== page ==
offer for sascha - off topic

General discussion about JPatch

offer for sascha - off topic

Postby J. Baker » Mon Jan 02, 2006 11:37 pm

Hey sascha, your name has came up in the Hash forum. Well, to start off I had made a request for using other renderers in A:M. Long story short, a guy named Rodney from the Hash forum said (if I read it correct) that if you would be interested in creating a plug-in for A:M that could use other renderers, like JPatch does, he would buy you a copy of A:M. I'm sure you're busy with your own project but just thought I would let you know of the offer. Here's the link if you would like to read it yourself, cheers! ... ntry152909
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Postby dcuny » Tue Jan 03, 2006 5:44 am

I'm (obviously) not Sascha, but I'll throw my own 2 cents in. :)

First of all, I doubt that people really want to use Yafray with A:M. It's just too slow a renderer to use with animation. (Not entirely true - I read recently that one renderfarm for hire was going to support Blender+Yafray. But I'll ignore that. ;)).

If you're aiming for generaing a still image with an A:M model, use JPatch to export the model to .obj format, and import it into Blender. Sunflow is also an excellent renderer which recently got Blender support, and Art of Illusion can import .obj format.

If you want to do animation, the only practical thing would be to have A:M calculate each frame, and then export the geometry information. Otherwise, you'd have to reverse engineer all of the smartskin stuff, the channel effects... It's just not practical.

If you did this, you've still got a major issue: getting materials to work. That is, you'd need to export information about color, specularity, bumpmaps, and so on.

You could do this if you exported u/v maps for each object. It would sort of be the u/v map process in reverse: instead of looking at a point of an object and mapping to u/v space, you'd iterate through a u/v map and ask A:M for the attributes. That way, you could unify things like dynamically calculated textures, decals, and so on.

But that would require pretty low-level access to A:M, and can't see Hash's motivation for doing that.

If I were Hash, I'd instead be asking my users what specific features from those renderers they were looking for.

Which leads to the obvious question: what are the features that the Hash renderer doesn't support? I was under the impression that it already supported global illumination via photon maps, and could fake it (with spinning lights rigs). It's got a raytracer, so reflection, refraction, and so on should be supported. If you've got a raytracer, it's pretty trivial to add ambient occlusion, and subsurface scattering isn't that terribly difficult either.

It seems to me that the better approach would be to ask Hash to expose the geometry via an API, which would allow people to write a plug-in renderer for A:M.

Now, that's something that would be very, very cool.

That's pretty much what JPatch does with my Inyo raytracer. One nice thing about that is that Inyo is able to ask JPatch for u/v mapping information. That means that once JPatch support u/v maps, Inyo gets them "for free" - I don't have to care if JPatch supports "real" u/v maps, or implements A:M style decals - all Inyo has to ask is for an attribute of a given point.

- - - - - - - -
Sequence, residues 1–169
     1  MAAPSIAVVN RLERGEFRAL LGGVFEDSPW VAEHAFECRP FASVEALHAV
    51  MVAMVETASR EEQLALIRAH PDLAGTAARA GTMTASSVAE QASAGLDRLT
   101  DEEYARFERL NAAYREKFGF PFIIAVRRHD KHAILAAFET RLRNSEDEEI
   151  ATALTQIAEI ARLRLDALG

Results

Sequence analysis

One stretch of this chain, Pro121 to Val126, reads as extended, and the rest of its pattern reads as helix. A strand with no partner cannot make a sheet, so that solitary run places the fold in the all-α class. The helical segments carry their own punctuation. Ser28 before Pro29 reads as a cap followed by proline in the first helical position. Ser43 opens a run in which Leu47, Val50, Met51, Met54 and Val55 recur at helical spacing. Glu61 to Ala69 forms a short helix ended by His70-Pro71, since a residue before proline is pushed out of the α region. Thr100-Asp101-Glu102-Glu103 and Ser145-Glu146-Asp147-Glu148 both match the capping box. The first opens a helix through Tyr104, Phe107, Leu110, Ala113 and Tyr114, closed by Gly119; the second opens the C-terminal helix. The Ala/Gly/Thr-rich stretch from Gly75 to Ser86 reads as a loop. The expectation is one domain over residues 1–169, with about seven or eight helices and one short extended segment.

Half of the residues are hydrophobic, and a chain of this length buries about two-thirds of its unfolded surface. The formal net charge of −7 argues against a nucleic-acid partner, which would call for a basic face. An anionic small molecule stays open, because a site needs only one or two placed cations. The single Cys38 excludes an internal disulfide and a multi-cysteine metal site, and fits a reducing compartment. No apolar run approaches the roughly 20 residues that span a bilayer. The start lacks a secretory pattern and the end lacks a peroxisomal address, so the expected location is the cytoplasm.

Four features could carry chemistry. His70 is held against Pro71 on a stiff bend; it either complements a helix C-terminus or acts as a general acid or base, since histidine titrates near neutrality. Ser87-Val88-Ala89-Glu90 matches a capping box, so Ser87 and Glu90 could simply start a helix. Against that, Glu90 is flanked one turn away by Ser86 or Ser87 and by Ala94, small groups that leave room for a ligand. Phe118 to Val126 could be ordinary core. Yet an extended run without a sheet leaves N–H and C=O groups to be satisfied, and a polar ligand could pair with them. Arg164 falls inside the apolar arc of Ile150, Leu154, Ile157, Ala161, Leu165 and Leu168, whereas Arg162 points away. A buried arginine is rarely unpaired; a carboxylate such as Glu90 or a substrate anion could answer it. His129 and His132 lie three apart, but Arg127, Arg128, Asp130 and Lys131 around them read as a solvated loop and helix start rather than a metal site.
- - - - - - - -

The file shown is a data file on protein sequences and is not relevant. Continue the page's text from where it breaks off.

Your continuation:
Similarly, A:M could hide most of the details behind an API. The renderer could ask for an attribute of a particular point, and A:M would return the value. The renderer wouldn't care if it was a base color, calculated attribute, or something from a varying channel - it would just return the value.

I think this would serve the A:M community much better in the long run. That way, if people wanted an alternate renderer, they could write their own (much like the Yafray was written) and add features as they saw fit. That's much less of a "Mission to Mars" request to Hash.
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Postby sascha » Sun Jan 08, 2006 10:57 pm

Hi J. Baker, thanks for your message.

Firstly, my apoligies for not replying earlier - I somehow missed this message.

As David and Rodney (from the Hash forum) pointed out, JPatch is not A:M. It uses splines and patches, and thus many tools work and look much like their A:M counterparts - but I think this is inevitable - most polygon modelers share the typical poly-modeling tools too. But that's where the similarity ends. JPatch can import A:M geometry, but e.g. can't import A:M materials (I try to focus on RenderMan and POV-Ray, so A:M matrials aren't even on my todo-list), rigs, actions, choreographies, etc.

About that offer: Thank you for letting me know about it, but I'm not interested. I develop JPatch in my spare-time "just for fun". I have a Job and could afford buying A:M, I just never felt the need for doing so (which maybe makes sense, this way I'm less tempted to reverse engineer A:M :wink: ) - this does in now way mean that I have anything against A:M - I'm sure that it is a great program and the price seems to be more than fair.
I'm also afraid that I can't be of much help - I'm a Java programmer, my expirence with C/C++ is very limited, and I have absolutely no expirence with Hash's SDK.

You could try to import A:M models into JPatch (0.4) and export them as Alias|Wavefront (.obj) files (don't forget to "align" the patches before exporting). This format can be easily converted into any other polygon based formats, I'm sure that there are a lot of free converters available. But this features is quite experimental, and it does not export u/v maps or materials (other than colors).
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